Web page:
Second graders visit with state legislators in Jefferson City

Updated: Feb. 28, 2017 at 11:50 AM CST
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Sen. Doug Libla invites Eugene Field students (left) Makayla Cantu and Sara Tolliver to sit at...
Sen. Doug Libla invites Eugene Field students (left) Makayla Cantu and Sara Tolliver to sit at his office chair, which features the official seal of Missouri.

POPLAR BLUFF, MO (KFVS) - Eugene Field Elementary was recently selected among 15 public schools in Missouri to showcase to legislators its highly successful programming.

Second graders Makayla Cantu and Sara Tolliver, the youngest of the student participants at the Capitol, had the opportunity to discuss The Leader in Me with congressmen and education leaders during the Missouri School Boards' Association legislative forum. They included Commissioner of Education Dr. Margie Vandeven.

In December, the elementary school became the 13th in Missouri to achieve lighthouse status under the program. Principal Jennifer Taylor credits it for helping to annually boost English MAP scores by 12 percent, increase attendance by 5 percent, and decrease behavior referrals by 69 percent since being fully implemented four years ago with grant funding.

"I had some very special visitors in Jeff City this week," Sen. Doug Libla posted on Facebook following the event. "The students were displaying some of their school projects in the Capitol rotunda. I was very impressed. Keep up the good work!"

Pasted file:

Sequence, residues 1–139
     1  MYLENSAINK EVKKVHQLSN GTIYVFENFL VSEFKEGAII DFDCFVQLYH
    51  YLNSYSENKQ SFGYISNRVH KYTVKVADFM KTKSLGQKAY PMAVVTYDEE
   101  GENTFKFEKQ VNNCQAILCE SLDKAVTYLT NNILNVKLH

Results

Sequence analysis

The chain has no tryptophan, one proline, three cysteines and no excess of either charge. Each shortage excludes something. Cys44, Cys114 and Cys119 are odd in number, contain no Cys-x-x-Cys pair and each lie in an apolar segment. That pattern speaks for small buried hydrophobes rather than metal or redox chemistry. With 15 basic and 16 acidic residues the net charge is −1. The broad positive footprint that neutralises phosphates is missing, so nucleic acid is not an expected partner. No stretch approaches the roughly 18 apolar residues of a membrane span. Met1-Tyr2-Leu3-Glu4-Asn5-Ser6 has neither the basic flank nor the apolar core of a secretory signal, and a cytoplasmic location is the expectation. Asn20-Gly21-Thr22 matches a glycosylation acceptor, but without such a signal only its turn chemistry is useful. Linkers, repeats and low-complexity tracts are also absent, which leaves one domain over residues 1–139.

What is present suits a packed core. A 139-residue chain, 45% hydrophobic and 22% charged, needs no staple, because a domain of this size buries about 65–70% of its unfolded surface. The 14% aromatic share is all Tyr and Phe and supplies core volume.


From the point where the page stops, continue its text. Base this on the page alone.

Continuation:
Libla, who invited the girls to visit his office following the showcase, noted that Eugene Field was the first school he "bragged about" when initially meeting first-year Superintendent Scott Dill.

House Speaker Todd Richardson, accompanied by Rep. Steve Cookson, gave Sara and Makayla a tour of the House chamber, allowing the students to stand at the dais and hold the gavel. The students told the legislators about their leadership roles, which include public speaking, patriotic, photography, teaching assistant and science teams. Richardson commented that it sounded very much like the committees lawmakers serve.

"I'm impressed that men and women of such importance took the time to make our little 8 year old's feel special," said Sara's mother Mary Tolliver, who served as one of the teacher chaperones. Tolliver pointed out that the girls took a half step back when the first visitor stopped by their booth, then they quickly got into the groove, presenting to a total of about 35 officials. "When the initial intimidation wore off, they didn't seem to have any qualms talking, which I found astounding and really showed their maturity."

Once very shy, Tolliver credits the LIM for giving her daughter confidence and helping her find her voice.

Based on the success of the event, MSBA plans to invite students to participate at the legislative forum each year going forward, according to officials. Other schools at the showcase included Border Star Montessori in Kansas City and the John Thomas School of Discovery in Nixa, with a single district representing almost all of the regions within the organization.

"I see very good things around us, but this is great," said Dill, who also attended the legislative forum. "The culture that the teachers and staff have brought about in the school is changing lives, churning out citizens that will be better prepared for everything that comes their way."

Last week, another Eugene Field student was able to showcase his leadership skills beyond Poplar Bluff Schools. Third grader Keaton Willcut introduced keynote speaker John O'Leary before over 500 people in attendance during the LIM symposium in Independence.

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